The Afghan

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The Afghan
TheAfghan.jpg
First edition (UK)
Author Frederick Forsyth
Country United Kingdom
Language English
Genre Thriller
Publisher Bantam Press
Publication date
2006
Media type Print (hardback & paperback)
Pages 343
ISBN 0-593-05725-2

The Afghan is a 2006 thriller novel by Frederick Forsyth.

Plot summary[edit]

A joint operation by MI6, the CIA, and Pakistan's ISI against al Qaeda operatives in Pakistan uncovers documents concerning a planned terrorist attack codenamed al-Isra. The cryptic nature of the codename triggers further investigations authorised at the most senior level.

Now eager to learn more about al Qaeda's plans for al-Isra, the three agencies scramble to find out information through their various contacts, including inserting an operative close enough into the terror network's confidence. Middle Eastern scholar Dr. Terry Martin, who is part of a special committee studying the Koran for references to al Isra, accidentally mentions that his elder brother Mike, a retired SAS officer, can pass for an Afghan native; Mike's chestnut-brown complexion, which he inherited from his mother and maternal grandmother, is indeed a perfect match. The elder Martin also has a near-perfect command of Arabic and Pashto, based from his tour of duty in Afghanistan supporting the Mujahideen.

Interested with Mike's appearance, the CIA and MI6 recall him to infiltrate al-Qaeda by assuming the identity of Izmat Khan, a Taliban commander now detained at Guantanamo Bay. It is revealed that Khan and Mike share a common past – he saved the wounded Khan from an attack by Soviet helicopters and brought him to a clinic run by Ayman al Zawahiri, where he also meets "the sheikh", Osama Bin Laden. A wayward US missile that was launched as part of a strike in retaliation for the 1998 East Africa bombings hits a slope in the Tora Bora, resulting in a landslide that buries Khan's village and his entire family; he swears revenge against the US, joining the Taliban in the process. He is later caught after the Battle of Qala-i-Jangi.

Mike is trained to fully assume Khan's identity (right down to saying Muslim prayers in Pashto) while the real Khan is slated for repatriation to Afghanistan. CIA operatives kidnap Khan and bring him to a secret safehouse in Washington State, with Mike in his place. The ISI engineer Mike's escape after his arrival in Afghanistan and he makes his way back to al Qaeda safe houses in Pakistan and the UAE, where he is accepted as a compatriot after extensive verification by al-Qaeda representatives. The interrogation delves into every chapter of Khan's life, which includes showing his old wound in Afghanistan.

Now accepted into al-Qaeda's fold as Izmat Khan, Mike volunteers to join the operating team for al-Isra. Part of the plan calls for an al-Qaeda agent posing as a businessman to charter a freighter and a tanker carrying liquid petroleum gas. The freighter is later captured by pirates and sank with all hands killed while the tanker is brought to a secret place in Borneo and refitted as the freighter. Another group hijacks a cargo ship in the Caribbean, although this is intended to serve as a decoy. Martin successfully alerts his handlers to the general nature of the threat, but is left incommunicado for several weeks as the ship steams to the US East Coast through the Indian Ocean (maritime authorities search all ships in the Pacific).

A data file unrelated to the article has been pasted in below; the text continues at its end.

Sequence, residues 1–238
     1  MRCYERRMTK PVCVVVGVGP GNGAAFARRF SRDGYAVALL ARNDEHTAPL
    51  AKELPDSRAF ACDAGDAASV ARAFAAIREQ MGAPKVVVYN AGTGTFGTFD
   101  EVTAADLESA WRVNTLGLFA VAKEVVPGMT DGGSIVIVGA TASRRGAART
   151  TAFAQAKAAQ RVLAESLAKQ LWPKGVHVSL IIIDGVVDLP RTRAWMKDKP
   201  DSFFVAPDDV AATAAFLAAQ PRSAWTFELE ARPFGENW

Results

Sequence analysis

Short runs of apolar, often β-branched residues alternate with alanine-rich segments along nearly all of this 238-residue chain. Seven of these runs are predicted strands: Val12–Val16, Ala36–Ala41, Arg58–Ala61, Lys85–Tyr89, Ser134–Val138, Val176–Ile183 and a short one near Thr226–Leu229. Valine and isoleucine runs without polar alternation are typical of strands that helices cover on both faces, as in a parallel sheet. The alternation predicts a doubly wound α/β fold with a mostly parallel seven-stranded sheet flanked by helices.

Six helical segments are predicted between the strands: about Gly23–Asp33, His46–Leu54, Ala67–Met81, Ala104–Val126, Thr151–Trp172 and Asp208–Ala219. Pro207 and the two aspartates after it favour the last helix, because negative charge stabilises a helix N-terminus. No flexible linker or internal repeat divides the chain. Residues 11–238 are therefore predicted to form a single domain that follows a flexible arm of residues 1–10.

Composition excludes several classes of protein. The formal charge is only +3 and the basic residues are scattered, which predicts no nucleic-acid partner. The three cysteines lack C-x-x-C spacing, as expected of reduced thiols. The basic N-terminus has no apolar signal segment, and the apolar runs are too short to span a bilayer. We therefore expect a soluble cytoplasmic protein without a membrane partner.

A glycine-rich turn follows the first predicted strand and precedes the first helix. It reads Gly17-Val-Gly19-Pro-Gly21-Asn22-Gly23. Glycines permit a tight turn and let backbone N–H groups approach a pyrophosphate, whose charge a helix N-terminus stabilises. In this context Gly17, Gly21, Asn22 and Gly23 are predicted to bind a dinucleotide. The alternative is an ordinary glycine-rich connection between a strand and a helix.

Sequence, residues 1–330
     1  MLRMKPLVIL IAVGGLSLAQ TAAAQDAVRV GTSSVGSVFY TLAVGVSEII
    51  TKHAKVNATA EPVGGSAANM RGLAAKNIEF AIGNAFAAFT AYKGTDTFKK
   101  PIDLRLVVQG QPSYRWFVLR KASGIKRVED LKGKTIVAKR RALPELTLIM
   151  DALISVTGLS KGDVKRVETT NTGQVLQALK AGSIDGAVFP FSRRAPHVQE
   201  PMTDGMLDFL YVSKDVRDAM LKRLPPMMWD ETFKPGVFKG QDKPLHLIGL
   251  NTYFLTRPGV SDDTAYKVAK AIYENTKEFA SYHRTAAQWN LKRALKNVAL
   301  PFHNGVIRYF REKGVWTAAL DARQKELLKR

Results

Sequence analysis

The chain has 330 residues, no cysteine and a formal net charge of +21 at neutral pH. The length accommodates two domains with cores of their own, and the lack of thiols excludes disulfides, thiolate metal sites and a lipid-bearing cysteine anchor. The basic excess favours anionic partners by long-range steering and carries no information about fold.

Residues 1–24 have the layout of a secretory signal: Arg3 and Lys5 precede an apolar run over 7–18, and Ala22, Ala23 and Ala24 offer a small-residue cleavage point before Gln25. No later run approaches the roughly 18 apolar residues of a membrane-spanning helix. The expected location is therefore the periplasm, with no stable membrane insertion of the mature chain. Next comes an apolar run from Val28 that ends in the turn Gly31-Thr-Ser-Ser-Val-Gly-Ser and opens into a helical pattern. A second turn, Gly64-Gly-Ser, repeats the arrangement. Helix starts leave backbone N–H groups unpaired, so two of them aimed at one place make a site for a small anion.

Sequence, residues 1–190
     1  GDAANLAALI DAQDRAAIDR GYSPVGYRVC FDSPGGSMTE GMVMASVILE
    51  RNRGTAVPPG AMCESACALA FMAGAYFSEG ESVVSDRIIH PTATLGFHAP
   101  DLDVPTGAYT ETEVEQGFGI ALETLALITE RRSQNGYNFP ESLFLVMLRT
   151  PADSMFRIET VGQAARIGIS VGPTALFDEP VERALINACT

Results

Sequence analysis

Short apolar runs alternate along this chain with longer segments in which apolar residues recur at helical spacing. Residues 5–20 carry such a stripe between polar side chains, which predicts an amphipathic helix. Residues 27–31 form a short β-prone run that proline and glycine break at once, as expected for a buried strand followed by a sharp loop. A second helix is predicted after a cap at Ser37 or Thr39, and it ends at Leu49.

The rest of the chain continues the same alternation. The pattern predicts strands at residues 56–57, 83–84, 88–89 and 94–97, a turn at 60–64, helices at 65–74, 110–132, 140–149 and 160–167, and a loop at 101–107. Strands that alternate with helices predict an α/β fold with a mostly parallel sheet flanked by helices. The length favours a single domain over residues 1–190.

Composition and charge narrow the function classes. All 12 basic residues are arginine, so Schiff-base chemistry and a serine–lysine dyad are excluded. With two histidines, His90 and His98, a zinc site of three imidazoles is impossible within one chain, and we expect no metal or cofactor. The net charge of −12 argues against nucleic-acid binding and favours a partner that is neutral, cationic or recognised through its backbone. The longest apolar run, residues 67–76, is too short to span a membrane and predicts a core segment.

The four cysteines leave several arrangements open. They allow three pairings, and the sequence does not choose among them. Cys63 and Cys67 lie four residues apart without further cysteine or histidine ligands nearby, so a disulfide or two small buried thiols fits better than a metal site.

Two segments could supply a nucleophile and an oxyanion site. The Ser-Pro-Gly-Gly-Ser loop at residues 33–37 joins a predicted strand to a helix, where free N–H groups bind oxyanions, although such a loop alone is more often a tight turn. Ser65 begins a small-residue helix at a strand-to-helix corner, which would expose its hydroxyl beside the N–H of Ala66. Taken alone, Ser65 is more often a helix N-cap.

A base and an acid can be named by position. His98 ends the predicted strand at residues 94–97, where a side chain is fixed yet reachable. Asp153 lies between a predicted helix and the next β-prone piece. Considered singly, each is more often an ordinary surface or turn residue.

Meanwhile, a USAF F-15E on approach to McChord Air Force Base develops engine trouble and accidentally crashes into the CIA safehouse, blasting open Khan's cell and giving him an opportunity to escape his captors. A Special Forces team chases Khan across the Cascades and kills him as he uses a public phone in Canada to call his allies.

Eventually the tanker reaches the mid-Atlantic, where a G8 summit is being held on the Queen Mary 2. Martin finally learns that the terrorists intend to release and then ignite the gas on board the tanker, which could incinerate the liner as it passed within range. Martin's last-minute heroism, quick reflexes and self-sacrifice prevent a tragedy.

Background[edit]

The Afghan can be seen as a sequel to The Fist of God, with the appearance of the Martin brothers. However, due to unexplained reasons, Forsyth rewrote the brothers' backstory as explained in Fist. In the original book, their parents got married in Iraq in 1952 with Mike being born in 1953 and Terry in 1955. In The Afghan, the couple waited ten years before deciding to have children. As a result, Mike's military record is adjusted ten years forward, with his career now including stints in Northern Ireland and Afghanistan (he was part of the relieving force during the Battle of Qala-i-Jangi). The story relationship with Fist ends when Mike escapes Iraq and is almost killed by Foreign Legionnaires patrolling the border (no details are alluded to anything connected to the Supergun).

A CIA official involved with planning Mike's mission drops hints about the al-Isra attack possibly a repeat of the 1917 explosion in Halifax, Nova Scotia.

Critical reception[edit]

The book reaped mixed reviews. Kirkus Reviews labelled the book as a "post 9/11 apocalyptic western."[1]

References[edit]

External links[edit]